Zana has also been inspired by the Italian designer Michele De Lucchi, who has developed a line of experimental Produzione Private alongside his product design. Zana believes that “the idea behind designing bespoke furniture is to suggest tradition, but with a special twist.” What he meant by that was demonstrated by his exhibition for “AD interiors” (2014), when he first showed examples of his exclusive furniture, such as the marble stool ‘Nomad’.
He likes to define his work in three words “elegance, proportion and comfort” and refers to the architect Carlo Scarpa, who promoted the idea of “déjà vu” as a way to reinterpret classical trends: “the object is part of our memory”, confirms Zana.
Although Zana is a great believer in online publicity – “With today’s network, one can publish on Instagram and reach clients all over the world” – he has opened a showroom on the rue de Seine next to his studio, because no virtual or digital rendering can replace the physical touch. He also sells through “The invisible collection”, the first online platform to sell a curated selection of outstanding pieces by the world’s best interior designers.
Pierre Yovanovitch founded his interior design studio in 2001, after eight years working with the fashion designer Pierre Cardin. He started designing furniture pieces when he needed oversized sofas, for instance, or any bespoke elements in his projects. “It also pleased me to widen my palette, as a tribute to architects I admired, like Jean Royère, the American designers of the 1940s and the ‘Swedish grace’ represented by Axel Einar Hjorth.” In 2017, he showed his first furniture pieces in the R & Gallery in New York, the ‘OOPS’ collection: “I created this collection with a specific purpose – that was as functional as it was spiritual.”
Pierre Yovanovitch suggests that his furniture arises from the marriage of imagination with a very specific know-how. He makes demanding choices, such as connecting massive pieces of wood with very sophisticated joints – no nails, or glue – but using traditional handicraft systems like dovetails and Tenon and mortise joints. “The Yovanovitch style”, confirms the interior designer, “I would qualify as simple, not ostentatious, and my concern is to focus on details, to make this furniture last forever. I like to create a family of furniture pieces; I give them names and I would love the clients to adopt the pieces.”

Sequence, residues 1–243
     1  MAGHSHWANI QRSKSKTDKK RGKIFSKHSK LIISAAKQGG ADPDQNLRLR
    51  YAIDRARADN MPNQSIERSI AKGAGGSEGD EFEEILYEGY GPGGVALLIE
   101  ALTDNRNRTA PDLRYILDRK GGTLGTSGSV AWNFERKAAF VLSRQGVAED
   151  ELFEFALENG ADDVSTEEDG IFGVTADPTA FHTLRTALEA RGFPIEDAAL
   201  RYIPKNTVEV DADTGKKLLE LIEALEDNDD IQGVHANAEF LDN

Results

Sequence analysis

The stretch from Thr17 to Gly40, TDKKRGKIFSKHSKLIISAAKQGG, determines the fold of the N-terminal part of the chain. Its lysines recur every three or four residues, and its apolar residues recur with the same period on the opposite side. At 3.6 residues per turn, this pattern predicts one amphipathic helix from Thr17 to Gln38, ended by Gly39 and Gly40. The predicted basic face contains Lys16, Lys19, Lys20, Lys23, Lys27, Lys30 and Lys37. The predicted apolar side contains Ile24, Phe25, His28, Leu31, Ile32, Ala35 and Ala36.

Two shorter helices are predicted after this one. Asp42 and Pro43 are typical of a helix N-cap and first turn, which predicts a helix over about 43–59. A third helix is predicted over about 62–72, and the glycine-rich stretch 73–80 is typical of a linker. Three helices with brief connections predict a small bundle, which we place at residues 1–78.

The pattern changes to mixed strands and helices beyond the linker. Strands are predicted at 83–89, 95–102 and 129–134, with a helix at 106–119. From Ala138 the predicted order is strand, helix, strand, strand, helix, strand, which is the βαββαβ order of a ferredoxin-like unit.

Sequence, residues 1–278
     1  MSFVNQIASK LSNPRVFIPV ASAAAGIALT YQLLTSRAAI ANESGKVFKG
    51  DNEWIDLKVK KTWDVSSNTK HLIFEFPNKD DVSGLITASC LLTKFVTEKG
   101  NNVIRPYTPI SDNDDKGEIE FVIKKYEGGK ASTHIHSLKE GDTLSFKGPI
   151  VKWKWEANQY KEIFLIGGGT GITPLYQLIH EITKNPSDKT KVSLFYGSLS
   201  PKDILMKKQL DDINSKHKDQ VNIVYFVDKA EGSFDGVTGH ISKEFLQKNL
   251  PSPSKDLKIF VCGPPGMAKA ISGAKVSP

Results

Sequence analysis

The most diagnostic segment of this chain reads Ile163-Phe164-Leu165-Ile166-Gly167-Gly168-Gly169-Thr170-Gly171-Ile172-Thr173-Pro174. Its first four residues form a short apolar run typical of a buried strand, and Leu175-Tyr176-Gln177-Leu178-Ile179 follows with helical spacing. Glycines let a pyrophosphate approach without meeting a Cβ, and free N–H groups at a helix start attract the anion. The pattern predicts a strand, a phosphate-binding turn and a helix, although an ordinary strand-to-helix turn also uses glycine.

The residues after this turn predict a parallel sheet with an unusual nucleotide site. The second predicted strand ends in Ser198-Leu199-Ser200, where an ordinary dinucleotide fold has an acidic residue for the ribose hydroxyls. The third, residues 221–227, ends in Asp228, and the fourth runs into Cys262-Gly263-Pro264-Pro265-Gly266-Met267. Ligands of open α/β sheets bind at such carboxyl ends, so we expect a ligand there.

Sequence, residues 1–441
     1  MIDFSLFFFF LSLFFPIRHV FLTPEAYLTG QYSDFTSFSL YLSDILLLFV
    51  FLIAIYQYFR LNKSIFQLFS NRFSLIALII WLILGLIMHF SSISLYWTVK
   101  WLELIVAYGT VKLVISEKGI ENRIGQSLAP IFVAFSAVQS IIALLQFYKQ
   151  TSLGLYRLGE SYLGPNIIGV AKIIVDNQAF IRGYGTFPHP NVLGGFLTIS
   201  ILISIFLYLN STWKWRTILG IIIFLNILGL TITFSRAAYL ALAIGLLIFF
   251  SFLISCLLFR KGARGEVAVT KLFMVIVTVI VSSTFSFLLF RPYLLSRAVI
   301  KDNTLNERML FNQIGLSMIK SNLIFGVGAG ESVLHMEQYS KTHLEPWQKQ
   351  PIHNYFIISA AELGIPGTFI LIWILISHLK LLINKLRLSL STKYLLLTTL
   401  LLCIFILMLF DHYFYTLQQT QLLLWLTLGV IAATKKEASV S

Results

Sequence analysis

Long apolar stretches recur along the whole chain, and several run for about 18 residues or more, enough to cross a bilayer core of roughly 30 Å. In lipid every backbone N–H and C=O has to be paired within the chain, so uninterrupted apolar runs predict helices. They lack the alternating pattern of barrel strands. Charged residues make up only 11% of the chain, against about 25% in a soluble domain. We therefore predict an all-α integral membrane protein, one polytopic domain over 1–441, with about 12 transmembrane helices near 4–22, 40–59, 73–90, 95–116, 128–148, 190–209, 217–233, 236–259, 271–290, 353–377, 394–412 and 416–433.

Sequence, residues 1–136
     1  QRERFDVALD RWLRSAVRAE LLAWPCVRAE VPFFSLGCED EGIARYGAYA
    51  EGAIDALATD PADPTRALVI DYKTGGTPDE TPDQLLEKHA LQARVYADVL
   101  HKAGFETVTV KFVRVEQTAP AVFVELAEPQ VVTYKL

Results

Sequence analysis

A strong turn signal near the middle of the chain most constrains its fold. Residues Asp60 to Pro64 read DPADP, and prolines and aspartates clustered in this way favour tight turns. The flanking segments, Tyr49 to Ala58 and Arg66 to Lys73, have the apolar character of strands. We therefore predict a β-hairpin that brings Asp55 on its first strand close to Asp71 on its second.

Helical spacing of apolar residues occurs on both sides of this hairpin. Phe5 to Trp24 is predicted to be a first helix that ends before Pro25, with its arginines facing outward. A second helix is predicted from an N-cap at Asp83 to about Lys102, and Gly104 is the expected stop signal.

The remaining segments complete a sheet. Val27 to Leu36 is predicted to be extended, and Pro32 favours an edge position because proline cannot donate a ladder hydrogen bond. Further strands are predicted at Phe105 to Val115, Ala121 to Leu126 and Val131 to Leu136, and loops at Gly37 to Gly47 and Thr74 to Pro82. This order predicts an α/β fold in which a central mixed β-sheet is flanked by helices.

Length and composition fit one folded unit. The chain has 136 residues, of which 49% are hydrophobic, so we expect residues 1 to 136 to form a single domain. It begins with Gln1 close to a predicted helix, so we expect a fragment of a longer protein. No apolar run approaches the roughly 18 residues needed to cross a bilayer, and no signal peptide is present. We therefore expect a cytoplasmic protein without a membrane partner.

For his interiors, he likes to suggest a mix and match of vintage design, other designers’ pieces and his own production. “I don’t want to impose a total look, but a kind of eclectic style, in order to match the personality of the owners,” he says. Pierre Yovanovitch calls his production an Haute-facture collection, a luxury production, but he adds, “the word luxury can be confusing. Our luxury means a very sharp eye for detail, [and using] the best craftsmen ever: this is our philosophy.”
While exclusivity for his first collection rests with R & Company in New York, increasingly he hopes to work directly with clients through his company “Pierre Yovanovitch Mobilier”.
Mathieu Lehanneur, meanwhile, educated at Les Ateliers (ENSCI) in Paris, has been represented by Carpenters Workshop Gallery since 2010. He started his own furniture collection to create his personal brand, out of disappointment with the industrial firms. “In order to tell my own story, I want to control the whole production process. You don’t just buy a product, an object or a piece of furniture design, you buy a concept, an experience, an adventure.”
To explain the way he works, he compares his approach with the decorators and asserts “I work in the opposite way … I always start with the function – I suppose that it is linked to my education as an industrial designer.” He doesn’t like to refer to a particular style, saying “I instill my pieces with a magical touch; they are conceptual and very elaborate in terms of engineering.” Most of them are sculptural. “I like to stay on the verge of art and utility,” he says. Drawing his inspiration from nature and mathematical shapes, he seeks to achieve “a balance between culture and nature.”
An international reach is also part of Mathieu Lehanneur’s strategy, who decided to open a showroom in East village, NY, six months ago. Countering the idea of luxury, Mathieu Lehanneur uses the metaphor of a painting sold for 3 million dollars in an auction house: “Is it luxury?” he says “No. If you ask the painter he will answer: it is my life. When we create pieces like this, we believe in the object, we share a concept.”
Together, these architect-designers are defining a kind of new art deco. Their limited edition, bespoke pieces offer luxury, based on the amazing knowhow of craftsmen. Together, they mark a specific moment that can be added to the History of Design.
Pierre Yovanovitch – interior designer.
Joseph Dirand – architect.
Charles Zana – architect.
Mathieu Lehanneur – designer.